The Pechersk District Court of Kyiv last week held a hearing in absentia to take into custody fugitive ex-president of Ukraine Viktor Yanukovych. Since Ukrainian law enforcement have long established that Yanukovych had been hiding in Russia, both national and international legislation provides for the extradition procedure to be applied. Extradition is applied in case of criminal prosecution and enforcement of a court sentence. At the same time, extradition is possible only if the person in question is a citizen of the country initiating it. If the person is a citizen of the host state, then the extradition tool cannot be applied, according to the norms of the Minsk Convention on Legal Assistance, to which Ukraine and the Russian Federation are parties.
Often, Russia ignores extradition requirements put forward by Ukraine
It is worth noting that extradition is not only about handing out an individual, but also about an official establishment of their place of residence on the territory of the host state and verification of circumstances that could hinder extradition. Thus, the investigating authorities can establish the citizenship or status of the person in question if any were granted by another state. The information obtained shall be recognized as admissible evidence and can be used during an investigation in a criminal proceeding, for example, with the aim of putting a suspect on an interstate or international wanted list.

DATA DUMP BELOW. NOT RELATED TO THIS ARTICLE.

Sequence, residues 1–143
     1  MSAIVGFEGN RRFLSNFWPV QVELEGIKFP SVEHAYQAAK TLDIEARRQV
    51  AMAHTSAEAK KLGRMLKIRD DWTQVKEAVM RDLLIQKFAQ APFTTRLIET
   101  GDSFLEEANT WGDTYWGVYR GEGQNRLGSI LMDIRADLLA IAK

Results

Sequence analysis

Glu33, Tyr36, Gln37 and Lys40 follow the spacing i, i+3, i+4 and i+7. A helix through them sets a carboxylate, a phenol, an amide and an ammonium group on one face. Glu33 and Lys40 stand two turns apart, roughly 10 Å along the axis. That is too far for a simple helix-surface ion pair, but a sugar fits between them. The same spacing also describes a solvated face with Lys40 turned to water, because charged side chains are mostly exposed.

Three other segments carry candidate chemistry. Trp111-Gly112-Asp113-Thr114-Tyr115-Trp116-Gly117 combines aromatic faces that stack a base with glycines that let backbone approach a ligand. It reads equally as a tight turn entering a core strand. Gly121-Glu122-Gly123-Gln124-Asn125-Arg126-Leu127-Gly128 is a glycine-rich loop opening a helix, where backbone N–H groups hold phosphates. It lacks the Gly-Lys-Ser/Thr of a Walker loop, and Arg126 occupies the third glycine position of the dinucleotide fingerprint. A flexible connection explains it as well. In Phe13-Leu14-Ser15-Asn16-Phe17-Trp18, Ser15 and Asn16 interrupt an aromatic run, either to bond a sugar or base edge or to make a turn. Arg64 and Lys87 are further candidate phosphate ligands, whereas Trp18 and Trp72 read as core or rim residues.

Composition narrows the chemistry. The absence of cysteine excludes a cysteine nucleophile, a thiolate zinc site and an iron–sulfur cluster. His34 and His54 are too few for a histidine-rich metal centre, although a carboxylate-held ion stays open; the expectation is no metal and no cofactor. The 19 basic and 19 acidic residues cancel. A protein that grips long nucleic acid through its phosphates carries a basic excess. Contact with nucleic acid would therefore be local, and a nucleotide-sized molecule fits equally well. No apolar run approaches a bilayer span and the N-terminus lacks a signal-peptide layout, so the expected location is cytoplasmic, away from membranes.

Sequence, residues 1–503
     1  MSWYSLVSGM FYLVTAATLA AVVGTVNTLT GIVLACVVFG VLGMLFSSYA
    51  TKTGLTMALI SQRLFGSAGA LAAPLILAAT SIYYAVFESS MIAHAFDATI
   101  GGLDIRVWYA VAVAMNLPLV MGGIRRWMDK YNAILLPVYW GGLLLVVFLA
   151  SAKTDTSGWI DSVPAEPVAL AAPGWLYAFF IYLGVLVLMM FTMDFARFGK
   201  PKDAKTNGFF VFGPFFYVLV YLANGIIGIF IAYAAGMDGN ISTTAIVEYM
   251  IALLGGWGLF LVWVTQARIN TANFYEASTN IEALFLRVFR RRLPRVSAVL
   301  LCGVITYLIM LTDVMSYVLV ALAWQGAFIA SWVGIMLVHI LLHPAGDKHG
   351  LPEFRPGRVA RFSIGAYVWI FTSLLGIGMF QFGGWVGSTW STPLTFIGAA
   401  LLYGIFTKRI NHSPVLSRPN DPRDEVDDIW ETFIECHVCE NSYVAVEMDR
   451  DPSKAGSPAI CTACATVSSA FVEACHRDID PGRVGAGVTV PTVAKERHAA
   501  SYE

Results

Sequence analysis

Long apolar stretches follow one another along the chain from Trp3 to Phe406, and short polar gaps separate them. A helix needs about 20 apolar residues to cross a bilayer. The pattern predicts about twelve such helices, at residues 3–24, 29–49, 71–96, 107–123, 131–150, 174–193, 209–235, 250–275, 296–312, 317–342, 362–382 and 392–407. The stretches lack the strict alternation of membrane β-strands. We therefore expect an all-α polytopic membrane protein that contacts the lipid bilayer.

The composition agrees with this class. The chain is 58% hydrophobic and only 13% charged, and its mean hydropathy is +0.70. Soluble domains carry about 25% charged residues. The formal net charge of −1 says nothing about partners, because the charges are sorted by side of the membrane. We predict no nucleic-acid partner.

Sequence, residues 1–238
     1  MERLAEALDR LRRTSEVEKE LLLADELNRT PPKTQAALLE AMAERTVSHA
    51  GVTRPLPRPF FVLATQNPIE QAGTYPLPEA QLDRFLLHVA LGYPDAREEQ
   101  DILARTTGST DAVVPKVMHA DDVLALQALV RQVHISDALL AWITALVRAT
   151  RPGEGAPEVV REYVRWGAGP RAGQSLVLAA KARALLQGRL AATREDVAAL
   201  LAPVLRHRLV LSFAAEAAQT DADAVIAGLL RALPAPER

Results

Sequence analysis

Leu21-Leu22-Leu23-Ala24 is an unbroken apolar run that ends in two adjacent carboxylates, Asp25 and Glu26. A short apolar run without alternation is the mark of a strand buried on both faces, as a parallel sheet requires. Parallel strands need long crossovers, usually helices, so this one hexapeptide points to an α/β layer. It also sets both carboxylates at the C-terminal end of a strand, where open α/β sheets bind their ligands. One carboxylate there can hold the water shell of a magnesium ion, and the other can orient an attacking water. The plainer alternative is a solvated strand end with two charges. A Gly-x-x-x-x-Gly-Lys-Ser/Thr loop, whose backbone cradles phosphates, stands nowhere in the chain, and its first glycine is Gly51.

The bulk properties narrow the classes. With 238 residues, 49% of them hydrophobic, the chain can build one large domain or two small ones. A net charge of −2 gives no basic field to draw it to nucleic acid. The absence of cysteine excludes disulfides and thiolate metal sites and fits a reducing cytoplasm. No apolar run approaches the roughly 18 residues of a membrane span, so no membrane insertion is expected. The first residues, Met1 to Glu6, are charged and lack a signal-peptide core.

The provisions of international treaties to which Russia is a party provide for the obligation of parties to extradite persons prosecuted by the competent law enforcement authorities with the aim of bringing them to criminal responsibility. But, despite the commitments made, Russia often ignores extradition requirements put forward by Ukraine.
Actually, Russia's likely rejection of the extradition appeal for Yanukovych becomes obvious
For example, Moscow had previously refused to extradite ex-president of Ukraine Viktor Yanukovych to Kyiv to execute a sentence earlier handed down in Ukraine in another criminal case. Back then, Russia claimed "prosecution for political reasons" as a justification of their decline. Such kind of justification allows Russia to snub Yanukovych extradition requests under the pretext of compliance with international agreements.
Actually, Russia's likely rejection of the extradition appeal for Yanukovych becomes obvious.
Another issue in such extradition appeals to the Russian Federation is that, by sending such requests, Ukraine confirms the fact of ongoing international cooperation on ratified treaties and its readiness to cooperate with Russia in this regard.
At the same time, since proving the guilt of suspects in criminal cases shall be carried out the framework of procedures provided for by law, extradition is a normal practice during the investigation. Conducting a full pretrial probe gives hope for the inevitability of punishment for those who fled abroad once they return under the jurisdiction of Ukrainian law enforcement. Besides, this leaves fewer chances to appeal to the European Court of Human Rights the sentences that have been handed out.
Oleksandr Ozerov is an attorney with Investment Service Ukraine